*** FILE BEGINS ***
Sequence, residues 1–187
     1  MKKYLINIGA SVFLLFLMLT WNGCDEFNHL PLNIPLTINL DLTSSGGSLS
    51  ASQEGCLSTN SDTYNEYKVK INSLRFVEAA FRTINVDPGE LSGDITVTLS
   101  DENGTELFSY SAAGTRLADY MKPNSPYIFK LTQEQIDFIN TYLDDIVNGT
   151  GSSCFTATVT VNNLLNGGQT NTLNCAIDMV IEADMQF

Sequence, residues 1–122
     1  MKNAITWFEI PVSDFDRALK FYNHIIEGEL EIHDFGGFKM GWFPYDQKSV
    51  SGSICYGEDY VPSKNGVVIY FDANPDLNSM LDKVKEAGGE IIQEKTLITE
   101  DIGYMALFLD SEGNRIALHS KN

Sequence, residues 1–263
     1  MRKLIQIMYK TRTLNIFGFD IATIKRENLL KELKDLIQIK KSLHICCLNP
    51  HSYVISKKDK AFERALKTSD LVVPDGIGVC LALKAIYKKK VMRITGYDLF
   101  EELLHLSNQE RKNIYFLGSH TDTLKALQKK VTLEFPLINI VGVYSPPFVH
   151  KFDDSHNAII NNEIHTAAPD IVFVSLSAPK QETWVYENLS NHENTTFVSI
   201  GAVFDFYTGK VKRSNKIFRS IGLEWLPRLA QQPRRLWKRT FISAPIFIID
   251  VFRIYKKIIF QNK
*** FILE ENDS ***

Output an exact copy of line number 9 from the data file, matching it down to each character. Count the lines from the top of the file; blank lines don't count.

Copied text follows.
   101  DIGYMALFLD SEGNRIALHS KN